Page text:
C. walkeriana (x sib)

('Estrela da Colina' HCC/AOS x 'Dayane Wenzel' HCC/AOS)



Native to Brazil, Cattleya walkeriana is a very compact species that may only reach 6-8" in height at maturity. The large flowers, however, can reach 4" or more in natural spread, and are sweetly fragrant as well. C. walkeriana shares an interesting trait with C. nobilior - the flowers are almost always produced at the top of a leafless growth which, after blooming, looks like a small aborted pseudobulb. In the case of walkeriana, there may be a small fleshy leaf on the flowering growth that persists after blooming. The next new growth then arises from the base of this blooming growth. Because of this rambling habit, walkeriana is particularly well-suited to a hanging basket or a mount. If it must be grown in a pot, a coarse medium must be used to compensate for the larger pots required to contain the growths. C. walkeriana generally blooms in late winter to early spring, but may bloom again in the fall with good culture.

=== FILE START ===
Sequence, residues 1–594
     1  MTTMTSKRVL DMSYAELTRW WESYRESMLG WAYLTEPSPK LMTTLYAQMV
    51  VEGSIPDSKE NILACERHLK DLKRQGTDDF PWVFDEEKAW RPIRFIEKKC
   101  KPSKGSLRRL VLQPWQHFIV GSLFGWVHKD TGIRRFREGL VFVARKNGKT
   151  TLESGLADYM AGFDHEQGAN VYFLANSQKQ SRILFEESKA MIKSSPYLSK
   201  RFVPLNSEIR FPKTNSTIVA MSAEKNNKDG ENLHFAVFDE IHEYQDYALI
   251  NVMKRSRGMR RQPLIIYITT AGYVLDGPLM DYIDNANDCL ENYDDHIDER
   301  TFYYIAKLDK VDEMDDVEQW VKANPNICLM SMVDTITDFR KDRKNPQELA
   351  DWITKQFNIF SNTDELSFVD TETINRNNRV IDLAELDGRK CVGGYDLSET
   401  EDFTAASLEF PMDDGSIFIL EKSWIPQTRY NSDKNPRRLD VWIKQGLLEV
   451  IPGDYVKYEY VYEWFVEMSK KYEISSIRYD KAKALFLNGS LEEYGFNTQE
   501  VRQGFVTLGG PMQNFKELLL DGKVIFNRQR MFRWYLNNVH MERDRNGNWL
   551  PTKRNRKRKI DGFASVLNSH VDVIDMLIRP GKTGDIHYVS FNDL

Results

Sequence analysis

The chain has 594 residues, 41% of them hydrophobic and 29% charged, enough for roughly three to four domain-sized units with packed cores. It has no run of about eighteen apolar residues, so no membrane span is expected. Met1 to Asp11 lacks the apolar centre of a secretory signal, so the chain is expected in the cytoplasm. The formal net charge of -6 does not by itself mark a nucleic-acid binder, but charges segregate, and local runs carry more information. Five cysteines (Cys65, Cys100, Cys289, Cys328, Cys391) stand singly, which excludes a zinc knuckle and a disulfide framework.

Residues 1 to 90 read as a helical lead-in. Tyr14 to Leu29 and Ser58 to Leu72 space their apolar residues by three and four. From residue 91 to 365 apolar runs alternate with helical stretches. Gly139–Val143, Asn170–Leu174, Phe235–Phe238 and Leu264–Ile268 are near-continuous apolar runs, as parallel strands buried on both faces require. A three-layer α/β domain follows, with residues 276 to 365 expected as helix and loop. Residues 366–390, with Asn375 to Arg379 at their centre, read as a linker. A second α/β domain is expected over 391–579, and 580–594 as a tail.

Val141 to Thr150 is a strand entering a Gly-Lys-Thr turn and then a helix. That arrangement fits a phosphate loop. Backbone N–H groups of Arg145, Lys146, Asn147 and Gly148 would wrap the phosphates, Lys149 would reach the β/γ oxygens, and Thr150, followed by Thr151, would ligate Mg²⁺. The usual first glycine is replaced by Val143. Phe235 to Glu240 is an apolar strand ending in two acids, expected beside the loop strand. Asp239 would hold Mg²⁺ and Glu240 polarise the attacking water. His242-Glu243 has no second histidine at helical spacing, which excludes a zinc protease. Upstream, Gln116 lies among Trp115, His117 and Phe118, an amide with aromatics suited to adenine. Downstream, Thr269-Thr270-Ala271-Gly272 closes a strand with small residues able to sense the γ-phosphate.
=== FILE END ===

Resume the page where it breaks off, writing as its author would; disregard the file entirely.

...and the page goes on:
It always seems that a great deal of controversy follows this species, with certain select (and awarded) cultivars including the alba 'Pendentive' AM/AOS and the semi-alba 'Kenny' AM-FCC/AOS suspected of not being true Cattleya walkeriana. 'Pendentive' reportedly arose from a selfing of the famous alba cultivar 'Orchidglade', and there is some speculation that these cultivars are really Cattleya x dolosa, the natural hybrid between walkeriana and loddigesii. The highly-regarded cultivars 'Estrela da Colina' and 'Dayane Wenzel' reportedly arose from a cross between 'Orchidglade' (or a selfing) and a select lavender cultivar.
photo taken on 02-17-11
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